Roinsard fielded questions in a heavy French accent, frequently mixing up his tenses and appealing to a translator for a lifeline.
My apologies if the tenses in the preceeding sentence are grammatically incorrect.
Anyone who has tried to learn a second language is familiar with the maddening irregular verbs, conjugations, and tenses.
He plays fast and loose with tenses, slipping into the present, stopping the reader short in front of a brick wall.
In all the moods and tenses of the little maid the doctor looked for and found reminiscences of her mother.
The morning wore on, and tenses and moods gave place to drill.
Each mood has but three tenses which have distinct forms; these are preterit, present, and future.
"You are not quite right in your tenses, Austin," she remarked.
He was a very temperamental stenographer and understood the moods and tenses of his most temperamental employer fully.
The denotation of the tenses was effected by appropriate signs.
"stretched tight," 1660s, from Latin tensus, past participle of tendere "to stretch" (see tenet). Sense of "in a state of nervous tension" is first recorded 1821.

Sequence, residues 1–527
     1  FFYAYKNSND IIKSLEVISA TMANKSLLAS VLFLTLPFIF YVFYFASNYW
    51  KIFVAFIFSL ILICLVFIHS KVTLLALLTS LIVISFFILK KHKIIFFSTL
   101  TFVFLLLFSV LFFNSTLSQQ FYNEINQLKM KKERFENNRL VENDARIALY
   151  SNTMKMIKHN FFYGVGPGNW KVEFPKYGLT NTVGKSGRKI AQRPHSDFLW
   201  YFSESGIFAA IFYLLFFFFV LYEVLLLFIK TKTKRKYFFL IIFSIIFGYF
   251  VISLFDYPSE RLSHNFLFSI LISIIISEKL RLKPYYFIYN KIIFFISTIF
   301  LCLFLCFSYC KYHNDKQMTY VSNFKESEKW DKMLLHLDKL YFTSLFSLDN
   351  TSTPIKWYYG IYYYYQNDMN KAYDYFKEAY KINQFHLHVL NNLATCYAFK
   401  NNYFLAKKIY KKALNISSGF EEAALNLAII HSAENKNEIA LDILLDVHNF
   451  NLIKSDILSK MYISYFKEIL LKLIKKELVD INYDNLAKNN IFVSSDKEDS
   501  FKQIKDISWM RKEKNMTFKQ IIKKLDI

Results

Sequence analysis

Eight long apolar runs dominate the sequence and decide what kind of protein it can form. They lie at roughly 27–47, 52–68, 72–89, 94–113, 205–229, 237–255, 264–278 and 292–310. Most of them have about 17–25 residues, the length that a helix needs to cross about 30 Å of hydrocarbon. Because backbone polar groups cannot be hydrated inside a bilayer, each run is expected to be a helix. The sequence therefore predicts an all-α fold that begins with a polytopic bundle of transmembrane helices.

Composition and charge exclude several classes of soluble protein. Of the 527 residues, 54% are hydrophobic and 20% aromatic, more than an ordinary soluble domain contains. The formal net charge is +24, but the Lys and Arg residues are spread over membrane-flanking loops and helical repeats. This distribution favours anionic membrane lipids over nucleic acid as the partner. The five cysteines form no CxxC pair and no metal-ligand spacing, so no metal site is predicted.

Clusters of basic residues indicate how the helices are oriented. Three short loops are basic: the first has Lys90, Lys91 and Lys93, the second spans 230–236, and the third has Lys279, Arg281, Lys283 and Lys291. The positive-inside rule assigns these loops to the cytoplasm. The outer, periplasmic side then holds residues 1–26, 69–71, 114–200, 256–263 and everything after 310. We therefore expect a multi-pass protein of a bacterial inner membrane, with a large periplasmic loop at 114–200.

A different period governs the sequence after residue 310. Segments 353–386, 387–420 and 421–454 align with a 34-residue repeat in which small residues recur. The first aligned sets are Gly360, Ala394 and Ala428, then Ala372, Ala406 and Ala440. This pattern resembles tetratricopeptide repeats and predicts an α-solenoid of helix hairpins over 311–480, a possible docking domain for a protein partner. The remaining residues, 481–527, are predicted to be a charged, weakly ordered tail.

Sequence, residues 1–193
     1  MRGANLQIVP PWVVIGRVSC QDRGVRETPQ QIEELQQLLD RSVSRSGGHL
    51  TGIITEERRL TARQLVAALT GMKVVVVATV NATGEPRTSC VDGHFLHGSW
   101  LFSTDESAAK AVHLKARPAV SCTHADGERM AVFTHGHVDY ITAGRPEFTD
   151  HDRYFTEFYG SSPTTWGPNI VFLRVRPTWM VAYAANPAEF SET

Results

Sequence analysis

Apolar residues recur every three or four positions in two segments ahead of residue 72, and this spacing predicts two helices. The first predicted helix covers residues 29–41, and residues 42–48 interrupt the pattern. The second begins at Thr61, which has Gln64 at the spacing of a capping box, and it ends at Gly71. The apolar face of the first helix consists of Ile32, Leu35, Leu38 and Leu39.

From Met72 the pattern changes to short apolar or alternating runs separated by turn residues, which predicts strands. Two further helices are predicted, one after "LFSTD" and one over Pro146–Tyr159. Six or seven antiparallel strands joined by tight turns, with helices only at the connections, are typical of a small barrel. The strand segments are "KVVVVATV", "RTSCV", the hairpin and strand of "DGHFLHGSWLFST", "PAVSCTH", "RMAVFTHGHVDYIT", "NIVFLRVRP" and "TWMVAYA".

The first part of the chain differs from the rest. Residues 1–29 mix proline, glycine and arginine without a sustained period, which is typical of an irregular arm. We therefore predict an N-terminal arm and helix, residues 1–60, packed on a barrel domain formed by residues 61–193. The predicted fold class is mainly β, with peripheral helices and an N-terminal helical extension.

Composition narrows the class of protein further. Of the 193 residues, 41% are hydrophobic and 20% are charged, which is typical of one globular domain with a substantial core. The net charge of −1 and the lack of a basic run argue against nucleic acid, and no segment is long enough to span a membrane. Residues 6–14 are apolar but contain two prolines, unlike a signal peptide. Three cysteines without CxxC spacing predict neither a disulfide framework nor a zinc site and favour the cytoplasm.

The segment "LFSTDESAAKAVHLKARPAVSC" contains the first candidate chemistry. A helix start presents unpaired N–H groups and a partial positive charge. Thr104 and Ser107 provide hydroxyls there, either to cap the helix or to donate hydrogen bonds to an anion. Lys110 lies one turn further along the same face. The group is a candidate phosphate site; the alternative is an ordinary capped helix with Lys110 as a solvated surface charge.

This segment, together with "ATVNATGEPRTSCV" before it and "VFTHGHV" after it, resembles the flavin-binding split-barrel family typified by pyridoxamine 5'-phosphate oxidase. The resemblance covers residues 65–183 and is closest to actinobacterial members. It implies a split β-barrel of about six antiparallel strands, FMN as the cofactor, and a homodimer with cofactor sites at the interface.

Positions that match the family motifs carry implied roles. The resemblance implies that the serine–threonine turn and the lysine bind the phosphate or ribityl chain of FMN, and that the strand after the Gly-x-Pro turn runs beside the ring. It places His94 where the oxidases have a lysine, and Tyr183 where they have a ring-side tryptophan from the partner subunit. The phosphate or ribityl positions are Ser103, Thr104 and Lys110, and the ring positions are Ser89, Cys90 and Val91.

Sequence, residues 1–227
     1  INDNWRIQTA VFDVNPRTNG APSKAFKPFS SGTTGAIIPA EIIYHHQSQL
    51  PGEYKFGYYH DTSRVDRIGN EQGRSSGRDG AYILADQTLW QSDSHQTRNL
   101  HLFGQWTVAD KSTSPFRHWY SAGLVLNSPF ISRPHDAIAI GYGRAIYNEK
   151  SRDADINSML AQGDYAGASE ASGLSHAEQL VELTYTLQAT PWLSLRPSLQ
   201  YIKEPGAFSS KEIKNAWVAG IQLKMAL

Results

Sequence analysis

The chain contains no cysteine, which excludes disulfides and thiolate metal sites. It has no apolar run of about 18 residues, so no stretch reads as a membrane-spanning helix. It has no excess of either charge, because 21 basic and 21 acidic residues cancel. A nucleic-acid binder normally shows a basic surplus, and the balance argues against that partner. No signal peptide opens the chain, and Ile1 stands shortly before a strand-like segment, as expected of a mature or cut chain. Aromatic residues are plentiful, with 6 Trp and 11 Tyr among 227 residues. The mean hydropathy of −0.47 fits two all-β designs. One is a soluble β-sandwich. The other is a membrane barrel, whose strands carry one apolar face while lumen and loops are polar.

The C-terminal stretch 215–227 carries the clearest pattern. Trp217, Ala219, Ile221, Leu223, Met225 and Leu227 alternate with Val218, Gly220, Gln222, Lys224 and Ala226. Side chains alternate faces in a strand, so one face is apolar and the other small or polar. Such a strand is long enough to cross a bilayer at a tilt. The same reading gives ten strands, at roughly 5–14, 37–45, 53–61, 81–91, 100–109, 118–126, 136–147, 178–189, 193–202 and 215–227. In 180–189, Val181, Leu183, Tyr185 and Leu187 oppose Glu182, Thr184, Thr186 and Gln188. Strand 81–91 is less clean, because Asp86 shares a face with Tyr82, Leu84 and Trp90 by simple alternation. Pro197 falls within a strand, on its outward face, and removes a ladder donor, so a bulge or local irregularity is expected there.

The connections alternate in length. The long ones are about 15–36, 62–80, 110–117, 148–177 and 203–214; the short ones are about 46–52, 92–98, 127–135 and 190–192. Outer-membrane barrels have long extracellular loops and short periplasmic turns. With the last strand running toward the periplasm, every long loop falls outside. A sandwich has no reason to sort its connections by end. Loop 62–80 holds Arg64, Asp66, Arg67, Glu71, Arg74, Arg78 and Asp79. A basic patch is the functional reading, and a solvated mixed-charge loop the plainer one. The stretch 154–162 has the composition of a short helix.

"form of a verb showing time of an action or state," early 14c., tens "time," also "tense of a verb" (late 14c.), from Old French tens "time" (11c.), from Latin tempus (see temporal).
"to make tense," 1670s, from tense (adj.); intransitive sense of "to become tense" (often tense up) is recorded from 1946. Related: Tensed; tensing.
An inflectional (see inflection) form of verbs; it expresses the time at which the action described by the verb takes place. The major tenses are past, present, and future. The verb in “I sing” is in the present tense; in “I sang,” past tense; in “I will sing,” future tense. Other tenses are the present perfect (“I have sung”), the past perfect (“I had sung”), and the future perfect (“I will have sung”).